MIAMI (AP) — Dwyane Wade saved the Miami Heat in regulation, then finished off overtime with an emphatic dunk.
Now this Eastern Conference semifinal series is even again.
Wade scored 30 points, Goran Dragic had a huge three-point play with 22.4 seconds left in overtime and the Heat beat the Toronto Raptors 94-87 in Game 4 on Monday night.
Dragic and Joe Johnson each scored 15 for the Heat, who rallied from a nine-point deficit in the fourth quarter. Game 5 is in Toronto on Wednesday night.
Terrence Ross and Cory Joseph each scored 14 for Toronto, which shot 39 percent. Bismack Biyombo and DeMarre Carroll added 13 apiece, while starting guards DeMar DeRozan and Kyle Lowry combined for 19 points on 6-for-28 shooting.
Miami was down 77-68 midway through the fourth, and still trailed 79-72 when Lowry got the roll on a 15-footer with 5 minutes left.
That’s when Wade went to work.
He scored the next five for Miami, getting the Heat within 79-77. The deficit was still two when Lowry fouled out — on an offensive foul — with 1:58 left. The Heat finally got the equalizer with 12.6 seconds left, Wade getting to the rim for a layup that knotted the game at 83-all.
Joseph missed a jumper to end regulation and the Raptors scored a mere four points in the extra session.
It was not an offensive showcase, by any measure. The first shot of the night was an airball by DeRozan. It might have been a harbinger of what awaited both offenses.
The best example? Wade tried a scoop shot from the right side of the lane in overtime. The ball bounced on the rim a few times, and stayed there.
Really, it did. The ball came to rest on the back of the rim, resulting in a jump ball that Toronto won with 58 seconds remaining. DeRozan scored on that possession to get Toronto within two, but the Raptors wouldn’t score again.
Biyombo started in place of injured center Jonas Valanciunas and made an impact, dunking on Amare Stoudemire — Miami’s starter in place of injured center Hassan Whiteside — while getting fouled 3:05 into the game, flexing his muscles for good measure. But the Heat eventually settled in, leading 25-21 after the first quarter and taking a 44-35 lead into the half as Toronto missed its last nine shots of the second quarter.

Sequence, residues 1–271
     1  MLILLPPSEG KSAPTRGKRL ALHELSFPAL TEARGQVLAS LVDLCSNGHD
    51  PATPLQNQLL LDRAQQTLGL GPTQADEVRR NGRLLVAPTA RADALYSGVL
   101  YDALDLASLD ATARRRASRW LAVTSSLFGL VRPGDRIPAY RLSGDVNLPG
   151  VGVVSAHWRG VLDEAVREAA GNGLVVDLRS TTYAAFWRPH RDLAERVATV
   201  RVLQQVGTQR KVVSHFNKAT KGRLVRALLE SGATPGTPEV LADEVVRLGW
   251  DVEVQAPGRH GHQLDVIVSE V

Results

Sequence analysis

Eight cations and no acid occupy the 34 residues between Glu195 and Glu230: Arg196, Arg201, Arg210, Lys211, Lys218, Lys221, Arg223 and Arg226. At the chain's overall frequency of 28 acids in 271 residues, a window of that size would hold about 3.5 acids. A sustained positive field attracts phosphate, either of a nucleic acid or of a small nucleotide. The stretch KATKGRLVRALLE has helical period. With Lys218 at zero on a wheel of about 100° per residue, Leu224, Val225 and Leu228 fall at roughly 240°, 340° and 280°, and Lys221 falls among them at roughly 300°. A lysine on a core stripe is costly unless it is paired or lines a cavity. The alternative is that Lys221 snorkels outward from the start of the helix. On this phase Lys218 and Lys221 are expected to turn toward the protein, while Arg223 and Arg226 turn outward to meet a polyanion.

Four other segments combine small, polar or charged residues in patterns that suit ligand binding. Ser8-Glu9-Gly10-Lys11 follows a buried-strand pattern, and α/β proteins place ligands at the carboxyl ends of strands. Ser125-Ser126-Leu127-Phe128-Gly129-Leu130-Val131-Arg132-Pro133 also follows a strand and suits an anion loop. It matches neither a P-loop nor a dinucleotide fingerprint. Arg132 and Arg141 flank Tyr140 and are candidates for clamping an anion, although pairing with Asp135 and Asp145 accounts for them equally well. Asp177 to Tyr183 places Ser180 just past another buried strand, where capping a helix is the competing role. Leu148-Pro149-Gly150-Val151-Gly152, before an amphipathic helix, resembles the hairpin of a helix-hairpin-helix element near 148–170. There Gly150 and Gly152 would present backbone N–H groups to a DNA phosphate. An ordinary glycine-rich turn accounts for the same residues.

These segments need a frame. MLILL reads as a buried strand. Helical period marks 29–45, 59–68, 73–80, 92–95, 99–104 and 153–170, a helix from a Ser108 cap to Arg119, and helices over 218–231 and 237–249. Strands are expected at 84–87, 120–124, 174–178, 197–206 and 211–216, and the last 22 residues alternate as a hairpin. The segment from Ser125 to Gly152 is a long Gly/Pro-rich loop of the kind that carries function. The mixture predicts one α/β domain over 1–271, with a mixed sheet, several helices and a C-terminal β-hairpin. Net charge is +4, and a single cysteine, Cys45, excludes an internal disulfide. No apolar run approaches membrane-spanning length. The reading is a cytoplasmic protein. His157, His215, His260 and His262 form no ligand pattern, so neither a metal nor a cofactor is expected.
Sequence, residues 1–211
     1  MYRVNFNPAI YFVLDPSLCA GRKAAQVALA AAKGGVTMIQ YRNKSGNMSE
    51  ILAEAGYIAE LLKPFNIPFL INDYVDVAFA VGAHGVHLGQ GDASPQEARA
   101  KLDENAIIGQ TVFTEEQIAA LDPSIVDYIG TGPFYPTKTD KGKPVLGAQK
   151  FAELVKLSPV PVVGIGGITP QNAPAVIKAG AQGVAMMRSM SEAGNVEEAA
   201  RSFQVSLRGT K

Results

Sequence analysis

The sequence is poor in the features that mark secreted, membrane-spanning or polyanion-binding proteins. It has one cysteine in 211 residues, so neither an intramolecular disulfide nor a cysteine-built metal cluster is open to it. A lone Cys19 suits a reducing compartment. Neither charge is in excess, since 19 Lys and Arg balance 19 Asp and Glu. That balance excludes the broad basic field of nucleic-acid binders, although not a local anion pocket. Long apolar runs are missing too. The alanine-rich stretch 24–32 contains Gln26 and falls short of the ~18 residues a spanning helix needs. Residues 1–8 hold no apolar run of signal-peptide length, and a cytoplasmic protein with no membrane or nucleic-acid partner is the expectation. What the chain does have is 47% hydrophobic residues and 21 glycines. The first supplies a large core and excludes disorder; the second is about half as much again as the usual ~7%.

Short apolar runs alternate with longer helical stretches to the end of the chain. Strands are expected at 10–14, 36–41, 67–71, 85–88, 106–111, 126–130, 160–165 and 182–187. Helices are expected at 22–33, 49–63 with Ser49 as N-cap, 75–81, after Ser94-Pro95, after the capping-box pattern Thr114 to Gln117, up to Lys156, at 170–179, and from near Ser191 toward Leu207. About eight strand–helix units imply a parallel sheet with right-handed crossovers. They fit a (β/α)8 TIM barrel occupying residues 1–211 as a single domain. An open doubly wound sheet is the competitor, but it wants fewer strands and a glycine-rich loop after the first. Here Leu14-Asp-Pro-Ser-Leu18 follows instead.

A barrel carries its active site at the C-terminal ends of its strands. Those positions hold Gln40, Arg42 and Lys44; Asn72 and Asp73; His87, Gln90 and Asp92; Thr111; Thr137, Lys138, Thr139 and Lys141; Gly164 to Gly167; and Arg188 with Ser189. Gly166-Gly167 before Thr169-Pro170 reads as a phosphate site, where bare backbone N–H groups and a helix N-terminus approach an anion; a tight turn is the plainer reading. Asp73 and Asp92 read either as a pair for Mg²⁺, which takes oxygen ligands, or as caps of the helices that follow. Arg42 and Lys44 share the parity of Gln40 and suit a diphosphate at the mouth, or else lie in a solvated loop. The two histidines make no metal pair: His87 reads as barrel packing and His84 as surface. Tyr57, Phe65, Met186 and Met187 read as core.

The Raptors then made eight of their first 11 shots to open the second half. Carroll was 5 for 5 in the quarter after a 1-for-5 start, and Toronto led by six late in the third before taking a 62-60 edge into the fourth.
Lowry played only 1:54 in the third because of foul trouble and it didn’t matter, Toronto still outscoring Miami 27-16 in the quarter.
Raptors: Instead of dealing with the prospects of a 5 a.m.-ish arrival in Toronto, the Raptors were spending Monday night in Miami. They’ll fly Tuesday and plan to practice in Toronto. … The teams started 0 for 10 from 3-point range, before Toronto made a pair of 3s on consecutive second-quarter possessions. … Lucas Nogueira made his playoff debut, checking in with 4:04 left in the opening quarter. He’s the fourth Raptor to make his playoff debut in 2016.
Heat: The Heat have led in the fourth quarter of all four games in the series. … Miami had 11 assists in the game’s first 15:24. The Heat then had no assists for the next 18:26. … Stoudemire was called for a technical 49 seconds into the third, taking offense that Lowry — after a clean, hard foul — tried to wrap him in what seemed like a conciliatory gesture.
Wade’s season of climbing the scoring charts continued. With his ninth point, he passed Magic Johnson (3,701) for 13th on the NBA’s playoff scoring list. He’s also passed Wilt Chamberlain, Elgin Baylor, Scottie Pippen and Dirk Nowitzki in these playoffs alone, and now with 3,723 he’s within 32 of tying No. 12 Hakeem Olajuwon (3,755). Wade is the NBA’s 39th all-time regular-season scorer, up from No. 54 when this season began.
Toronto general manager Masai Ujiri and Miami president Pat Riley both received votes in the NBA’s executive of the year balloting, which was revealed Monday. Ujiri finished fourth, while Riley tied for eighth. San Antonio general manager R.C. Buford won the award, followed by Portland’s Neil Olshey and Golden State’s Bob Myers.